The effects of formulation and processing on surface characteristics and functional properties of dairy powders

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Kelly, Grace M.
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University College Cork
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The objectives of this thesis were to (i) study the effect of increasing protein concentration in milk protein concentrate (MPC) powders on surface composition and sorption properties; (ii) examine the effect of increasing protein content on the rehydration properties of MPC; (iii) study the physicochemical properties of spraydried emulsion-containing powders having different water and oil contents; (iv) analyse the effect of protein type on water sorption and diffusivity properties in a protein/lactose dispersion, and; (v) characterise lactose crystallisation and emulsion stability of model infant formula containing intact or hydrolysed whey proteins. Surface composition of MPC powders (protein contents 35 - 86 g / 100 g) indicated that fat and protein were preferentially located on the surface of powders. Low protein powder (35 g / 100 g) exhibited lactose crystallisation, whereas powders with higher protein contents did not, due to their high protein: lactose ratio. Insolubility was evident in high protein MPCs and was primarily related to insolubility of the casein fraction. High temperature (50 °C) was required for dissolution of high protein MPCs (protein content > 60 g / 100 g). The effect of different oil types and spray-drying outlet temperature on the physicochemical properties of the resultant fat-filled powders was investigated and showed that increasing outlet temperature reduced water content, water activity and tapped bulk density, irrespective of oil type, and increased solvent-extractable free fat for all oil types and onset of glass transition (Tg) and crystallisation (Tcr) temperature. Powder dispersions of protein/lactose (0.21:1), containing either intact or hydrolysed whey protein (12 % degree of hydrolysis; DH), were spray-dried at pilot scale. Moisture sorption analysis at 25 °C showed that dispersions containing intact whey protein exhibited lactose crystallisation at a lower relative humidity (RH). Dispersions containing hydrolysed whey protein had significantly higher (P < 0.05) water diffusivity. Finally, a spray-dried model infant formula was produced containing hydrolysed or intact whey as the protein with sunflower oil as the fat source. Reconstituted, hydrolysed formula had a significantly (P < 0.05) higher fat globule size and lower emulsion stability than intact formula. Lactose crystallisation in powders occurred at higher RH for hydrolysed formula. In conclusion, this research has shown the effect of altering the protein type, protein composition, and oil type on the surface composition and physical properties of different dairy powders, and how these variations greatly affect their rehydration characteristics and storage stability.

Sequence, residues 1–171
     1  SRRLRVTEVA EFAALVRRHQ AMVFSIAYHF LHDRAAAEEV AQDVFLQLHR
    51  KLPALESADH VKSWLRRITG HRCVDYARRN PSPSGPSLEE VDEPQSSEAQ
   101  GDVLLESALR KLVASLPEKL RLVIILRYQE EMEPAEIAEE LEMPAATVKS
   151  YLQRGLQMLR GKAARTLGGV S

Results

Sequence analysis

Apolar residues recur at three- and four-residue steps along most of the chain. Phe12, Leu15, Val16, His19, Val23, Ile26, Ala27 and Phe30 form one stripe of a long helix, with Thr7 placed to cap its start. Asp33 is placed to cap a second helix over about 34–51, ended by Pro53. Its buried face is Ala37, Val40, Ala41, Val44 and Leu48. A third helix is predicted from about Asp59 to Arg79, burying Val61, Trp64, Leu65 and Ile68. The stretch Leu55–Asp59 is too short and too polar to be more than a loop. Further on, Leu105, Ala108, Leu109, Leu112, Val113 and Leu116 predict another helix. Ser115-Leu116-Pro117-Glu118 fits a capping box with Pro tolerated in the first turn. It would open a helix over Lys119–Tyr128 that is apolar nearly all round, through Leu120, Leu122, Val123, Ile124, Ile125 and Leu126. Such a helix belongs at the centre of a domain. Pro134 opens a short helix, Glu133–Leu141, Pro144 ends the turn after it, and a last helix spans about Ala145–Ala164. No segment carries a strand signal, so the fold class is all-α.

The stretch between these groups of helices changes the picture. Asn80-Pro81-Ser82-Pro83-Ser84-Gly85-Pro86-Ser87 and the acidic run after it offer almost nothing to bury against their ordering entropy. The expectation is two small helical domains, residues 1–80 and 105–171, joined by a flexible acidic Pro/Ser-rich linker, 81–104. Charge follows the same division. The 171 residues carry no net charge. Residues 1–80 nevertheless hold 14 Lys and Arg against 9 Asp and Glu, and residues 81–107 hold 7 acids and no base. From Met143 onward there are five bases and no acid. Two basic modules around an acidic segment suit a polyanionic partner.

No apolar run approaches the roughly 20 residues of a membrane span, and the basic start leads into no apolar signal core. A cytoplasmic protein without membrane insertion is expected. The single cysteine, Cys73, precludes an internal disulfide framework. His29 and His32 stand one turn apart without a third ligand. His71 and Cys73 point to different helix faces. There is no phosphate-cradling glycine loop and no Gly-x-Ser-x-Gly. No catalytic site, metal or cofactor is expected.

Dairy powders , Surface composition , XPS , Formulation
Kelly, G. M. 2016. The effects of formulation and processing on surface characteristics and functional properties of dairy powders. PhD Thesis, University College Cork.